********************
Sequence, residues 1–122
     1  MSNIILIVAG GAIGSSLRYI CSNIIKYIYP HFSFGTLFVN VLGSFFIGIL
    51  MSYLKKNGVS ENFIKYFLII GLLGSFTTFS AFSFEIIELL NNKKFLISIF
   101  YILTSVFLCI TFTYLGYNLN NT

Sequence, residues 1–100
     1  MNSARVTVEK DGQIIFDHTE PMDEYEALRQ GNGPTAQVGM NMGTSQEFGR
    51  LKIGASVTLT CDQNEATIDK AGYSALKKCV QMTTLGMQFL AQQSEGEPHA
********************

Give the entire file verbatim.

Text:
Sequence, residues 1–122
     1  MSNIILIVAG GAIGSSLRYI CSNIIKYIYP HFSFGTLFVN VLGSFFIGIL
    51  MSYLKKNGVS ENFIKYFLII GLLGSFTTFS AFSFEIIELL NNKKFLISIF
   101  YILTSVFLCI TFTYLGYNLN NT

Sequence, residues 1–100
     1  MNSARVTVEK DGQIIFDHTE PMDEYEALRQ GNGPTAQVGM NMGTSQEFGR
    51  LKIGASVTLT CDQNEATIDK AGYSALKKCV QMTTLGMQFL AQQSEGEPHA